A commenter over on Cognitive Daily suggested that some of the research we report on isn’t practical and therefore shouldn’t be funded. I won’t single him out, but if you’re really interested, it shouldn’t be too difficult for you to find the original comment and my response.
The point seemed to be that if a research project seems frivolous, or if there’s not a readily apparent application that any layperson can understand, the research shouldn’t be funded. That’ll show those lazy scientists who’s boss!
You know what? I doubt this research was funded. Many of the best psychology experiments require only a computer and a few volunteers (and the computer is often optional as well). You’d be better off buying lottery tickets than applying for grant money for a project that doesn’t have a budget over $50,000. Granting agencies don’t have the time to mess with small-potato projects requiring, say, $1,000 to pay participants, or $3,000 for a summer research assistant.
In most cases, it’s easier to get a $100,000 grant than a $1,000 grant (unfortunately, granting agencies do actually read those applications, so no, you can’t budget $90,000 for your grand tour of Europe and $10,000 to pay a grad student to run the lab while you’re gone). People like their science the way they like their kitchens, plasma TVs, and SUVs: the bigger and more audacious, the better. Why spend $1 million on microgrants when you can spend $100 billion to send astronauts to Mars?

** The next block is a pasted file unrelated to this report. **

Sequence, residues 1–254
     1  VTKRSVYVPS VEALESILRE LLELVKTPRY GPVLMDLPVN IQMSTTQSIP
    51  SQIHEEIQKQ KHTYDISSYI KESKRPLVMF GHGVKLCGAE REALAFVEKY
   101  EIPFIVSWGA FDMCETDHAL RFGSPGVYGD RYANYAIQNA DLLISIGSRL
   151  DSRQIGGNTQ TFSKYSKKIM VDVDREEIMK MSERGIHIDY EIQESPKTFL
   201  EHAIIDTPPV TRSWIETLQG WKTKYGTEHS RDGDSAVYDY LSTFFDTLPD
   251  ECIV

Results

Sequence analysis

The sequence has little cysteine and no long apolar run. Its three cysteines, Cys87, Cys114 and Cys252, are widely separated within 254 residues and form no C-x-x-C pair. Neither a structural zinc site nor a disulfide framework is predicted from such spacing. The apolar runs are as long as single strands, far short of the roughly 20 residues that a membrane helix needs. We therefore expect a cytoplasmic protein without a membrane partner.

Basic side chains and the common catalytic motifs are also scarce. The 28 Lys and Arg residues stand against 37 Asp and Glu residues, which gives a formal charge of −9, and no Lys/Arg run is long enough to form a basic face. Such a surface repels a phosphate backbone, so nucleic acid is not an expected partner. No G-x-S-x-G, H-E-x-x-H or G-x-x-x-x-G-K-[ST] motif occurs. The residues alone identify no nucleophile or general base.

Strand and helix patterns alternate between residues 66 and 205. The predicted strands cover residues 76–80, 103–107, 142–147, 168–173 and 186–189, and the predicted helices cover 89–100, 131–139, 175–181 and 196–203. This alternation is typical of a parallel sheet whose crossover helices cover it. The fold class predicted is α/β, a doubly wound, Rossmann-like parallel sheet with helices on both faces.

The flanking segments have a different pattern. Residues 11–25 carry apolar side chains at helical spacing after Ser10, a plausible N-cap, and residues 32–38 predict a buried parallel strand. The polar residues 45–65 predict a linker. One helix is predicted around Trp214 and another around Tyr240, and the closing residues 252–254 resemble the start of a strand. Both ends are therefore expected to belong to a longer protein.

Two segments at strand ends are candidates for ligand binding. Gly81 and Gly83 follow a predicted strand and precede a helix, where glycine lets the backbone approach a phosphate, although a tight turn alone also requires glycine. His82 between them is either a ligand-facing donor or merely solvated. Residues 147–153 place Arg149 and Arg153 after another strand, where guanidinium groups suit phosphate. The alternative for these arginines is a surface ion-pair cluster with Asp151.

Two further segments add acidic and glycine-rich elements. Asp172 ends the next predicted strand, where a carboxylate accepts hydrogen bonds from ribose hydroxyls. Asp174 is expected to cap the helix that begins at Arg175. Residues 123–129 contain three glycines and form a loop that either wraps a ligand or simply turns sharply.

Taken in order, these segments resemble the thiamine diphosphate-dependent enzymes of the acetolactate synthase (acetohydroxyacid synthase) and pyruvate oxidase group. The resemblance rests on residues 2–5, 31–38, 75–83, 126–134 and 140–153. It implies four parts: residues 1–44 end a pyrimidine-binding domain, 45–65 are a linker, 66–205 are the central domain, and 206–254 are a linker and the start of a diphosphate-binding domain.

It’s a shame, though, because even though some of the most innovative research out there isn’t funded at all, there’s undoubtedly lots of great work that’s not getting done because it costs somewhere between $0 and $10,000. Is it worth turning down 10 million smaller projects in order to fly to Mars? We’ll probably never know, because a million little projects will never capture the public’s imagination the way one really big one will.